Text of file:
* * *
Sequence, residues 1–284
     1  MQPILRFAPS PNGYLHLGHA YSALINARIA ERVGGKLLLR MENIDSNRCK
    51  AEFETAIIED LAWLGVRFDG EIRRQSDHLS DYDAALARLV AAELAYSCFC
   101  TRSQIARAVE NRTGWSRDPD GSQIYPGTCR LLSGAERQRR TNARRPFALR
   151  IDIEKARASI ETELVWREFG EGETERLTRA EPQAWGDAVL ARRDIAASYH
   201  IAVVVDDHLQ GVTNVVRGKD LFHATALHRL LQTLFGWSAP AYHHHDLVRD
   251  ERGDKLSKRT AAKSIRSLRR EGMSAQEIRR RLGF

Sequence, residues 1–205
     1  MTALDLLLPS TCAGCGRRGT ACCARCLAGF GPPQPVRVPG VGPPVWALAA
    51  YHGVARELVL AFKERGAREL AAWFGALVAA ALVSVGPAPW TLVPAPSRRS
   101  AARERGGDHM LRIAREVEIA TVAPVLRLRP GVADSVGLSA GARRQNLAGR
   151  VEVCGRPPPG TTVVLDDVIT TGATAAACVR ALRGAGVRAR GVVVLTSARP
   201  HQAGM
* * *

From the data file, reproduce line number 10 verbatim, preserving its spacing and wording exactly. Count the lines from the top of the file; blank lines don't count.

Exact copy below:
    51  YHGVARELVL AFKERGAREL AAWFGALVAA ALVSVGPAPW TLVPAPSRRS